Trump is doubtless a culmination, but of what exactly? He’s a Frankenstein of Republican politics – there is no analogue to Trump in the Democratic Party. Republicans have played to the populist Tea Party id for years – fomenting fear, demonizing immigrants, and exploiting cultural angst. What we’re seeing now is the fulfillment of this strategy, which has helped them win elections but has failed to produce meaningful legislative change – and that’s precisely the point.

The Republican Party no longer aspires to governance. The Tea Party, an offspring of Republican politics, is a nihilistic political movement. Everyone one they’ve sent to Congress they sent for one reason: negation. Under the guise of some nebulous goal to “take the country back,” they’ve done nothing but undermine Obama and destroy the possibility of compromise. And this delirium has spread throughout the party. Recall that Republican Senate Majority Leader Mitch McConnell said explicitly that the GOP’s “top political priority over the next two years should be to deny President Obama a second term.”

Only one party insists America is in perpetual decline. Only one party puts the culture wars at the center of its agenda. Only one party cultivates anti-intellectualism in its ranks. Only one party sold its soul to religious fanatics. Only one party refuses to accept the legitimacy of a democratically elected president.

It was Republicans who abandoned conservatism as a serious governing philosophy. It was Republicans who repeatedly defied custom with radical non-filibuster filibusters. It was Republicans who used the nation’s credit rating to blackmail the opposing party. It was Republicans who threatened to shut down the government over Planned Parenthood funding. And yet Brooks says our problem isn’t “exclusive to the right”?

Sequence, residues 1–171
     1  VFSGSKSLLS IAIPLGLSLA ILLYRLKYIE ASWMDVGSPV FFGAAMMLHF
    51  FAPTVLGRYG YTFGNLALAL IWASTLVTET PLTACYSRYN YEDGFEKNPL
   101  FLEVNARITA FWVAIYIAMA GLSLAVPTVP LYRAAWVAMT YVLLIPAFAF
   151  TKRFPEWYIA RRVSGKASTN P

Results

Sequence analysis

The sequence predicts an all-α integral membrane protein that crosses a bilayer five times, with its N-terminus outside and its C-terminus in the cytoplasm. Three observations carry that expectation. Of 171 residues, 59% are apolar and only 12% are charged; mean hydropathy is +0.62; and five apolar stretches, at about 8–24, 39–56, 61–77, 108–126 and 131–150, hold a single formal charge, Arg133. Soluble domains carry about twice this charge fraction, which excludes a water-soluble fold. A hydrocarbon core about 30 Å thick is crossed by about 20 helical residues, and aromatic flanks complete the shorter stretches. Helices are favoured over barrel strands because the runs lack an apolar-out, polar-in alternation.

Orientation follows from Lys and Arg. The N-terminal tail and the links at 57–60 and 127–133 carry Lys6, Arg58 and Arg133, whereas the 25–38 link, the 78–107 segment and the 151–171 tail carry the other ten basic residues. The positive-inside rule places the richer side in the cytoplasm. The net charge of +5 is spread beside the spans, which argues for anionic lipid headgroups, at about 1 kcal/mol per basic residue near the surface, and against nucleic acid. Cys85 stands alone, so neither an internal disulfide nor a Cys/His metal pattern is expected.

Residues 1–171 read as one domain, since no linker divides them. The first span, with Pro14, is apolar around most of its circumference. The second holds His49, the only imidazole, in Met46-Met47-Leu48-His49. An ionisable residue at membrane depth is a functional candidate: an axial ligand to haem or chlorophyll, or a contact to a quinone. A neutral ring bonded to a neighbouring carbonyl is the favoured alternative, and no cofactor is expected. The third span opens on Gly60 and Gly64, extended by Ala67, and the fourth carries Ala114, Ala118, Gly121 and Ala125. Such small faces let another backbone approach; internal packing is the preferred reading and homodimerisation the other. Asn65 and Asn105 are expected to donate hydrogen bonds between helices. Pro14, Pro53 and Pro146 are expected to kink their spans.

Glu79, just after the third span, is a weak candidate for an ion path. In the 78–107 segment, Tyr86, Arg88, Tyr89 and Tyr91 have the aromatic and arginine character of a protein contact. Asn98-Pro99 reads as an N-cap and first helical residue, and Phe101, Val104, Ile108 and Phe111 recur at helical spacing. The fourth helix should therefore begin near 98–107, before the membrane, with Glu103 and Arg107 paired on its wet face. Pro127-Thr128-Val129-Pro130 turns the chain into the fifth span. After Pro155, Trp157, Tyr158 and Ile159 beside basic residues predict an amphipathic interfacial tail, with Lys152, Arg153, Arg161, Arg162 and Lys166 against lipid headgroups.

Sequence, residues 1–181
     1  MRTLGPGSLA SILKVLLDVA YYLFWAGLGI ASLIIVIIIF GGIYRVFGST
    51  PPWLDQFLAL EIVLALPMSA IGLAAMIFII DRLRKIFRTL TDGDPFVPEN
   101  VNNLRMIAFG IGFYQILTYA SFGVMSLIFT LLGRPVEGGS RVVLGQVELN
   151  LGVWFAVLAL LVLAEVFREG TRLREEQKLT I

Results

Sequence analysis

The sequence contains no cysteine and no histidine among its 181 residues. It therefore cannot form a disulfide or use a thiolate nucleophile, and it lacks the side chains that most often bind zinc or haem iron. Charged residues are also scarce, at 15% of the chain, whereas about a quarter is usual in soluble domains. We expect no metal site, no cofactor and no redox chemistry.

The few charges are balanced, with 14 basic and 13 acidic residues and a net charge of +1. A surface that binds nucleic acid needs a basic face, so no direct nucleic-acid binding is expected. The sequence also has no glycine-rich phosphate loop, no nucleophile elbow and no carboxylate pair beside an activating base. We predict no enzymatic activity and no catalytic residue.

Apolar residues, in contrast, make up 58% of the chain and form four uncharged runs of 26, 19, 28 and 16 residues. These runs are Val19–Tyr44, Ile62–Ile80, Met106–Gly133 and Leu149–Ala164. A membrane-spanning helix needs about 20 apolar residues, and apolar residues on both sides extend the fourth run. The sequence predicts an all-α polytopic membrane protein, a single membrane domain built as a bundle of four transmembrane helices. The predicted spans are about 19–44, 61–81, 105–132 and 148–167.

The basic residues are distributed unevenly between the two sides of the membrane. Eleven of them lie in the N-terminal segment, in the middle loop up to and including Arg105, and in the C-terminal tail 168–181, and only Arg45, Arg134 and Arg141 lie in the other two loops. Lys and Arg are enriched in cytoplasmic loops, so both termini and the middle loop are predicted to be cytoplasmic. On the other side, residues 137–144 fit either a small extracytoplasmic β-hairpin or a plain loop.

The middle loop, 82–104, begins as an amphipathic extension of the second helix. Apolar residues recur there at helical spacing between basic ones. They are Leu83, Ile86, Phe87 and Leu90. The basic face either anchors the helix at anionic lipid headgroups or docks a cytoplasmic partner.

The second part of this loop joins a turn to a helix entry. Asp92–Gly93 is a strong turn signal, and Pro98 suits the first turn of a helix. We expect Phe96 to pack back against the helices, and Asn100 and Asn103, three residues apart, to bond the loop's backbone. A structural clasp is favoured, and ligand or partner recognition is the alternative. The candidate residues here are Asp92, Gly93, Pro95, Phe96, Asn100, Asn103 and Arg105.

The Democrats have their follies and their contradictions, but they’re not comparable to the GOP – not in this respect, at least. The brinksmanship of Republicans during the Obama administration has been unprecedented. A Trump-like candidate isn’t possible in the Democratic Party.

Bernie Sanders may be an outsider, but only in an ideological sense. The man has served in public office for more than three decades. Trump is a political arsonist with no ideas, no experience, no plan – and he’s the most popular candidate in the party. With a grenade in one hand and a half-articulated list of platitudes in the other, he’s brought the Republican Party to its knees. And that’s because he’s a perfect distillation of the Republican zeitgeist. The establishment doesn’t approve, but Trump didn’t emerge from a whirlwind – he’s an unintended consequence of their cynicism.

Brooks is right: There is a metastasizing cancer in our body politic, of which Trump is a symptom. But the disease flows from the compromises of the Republican Party, a party increasingly of ideological troglodytes with no interest in policy or compromise.

The Republican fringe has become the Republican mainstream, and the country is the worse for it. Brooks is wise to lament that, but he discredits himself by pretending this is a bipartisan problem with bipartisan roots. This is a Republican problem – and he knows it.

By Sean Illing

Sean Illing is a USAF veteran who previously taught philosophy and politics at Loyola and LSU. He is currently Salon's politics writer. Follow him on Facebook and Twitter. Read his blog here. Email at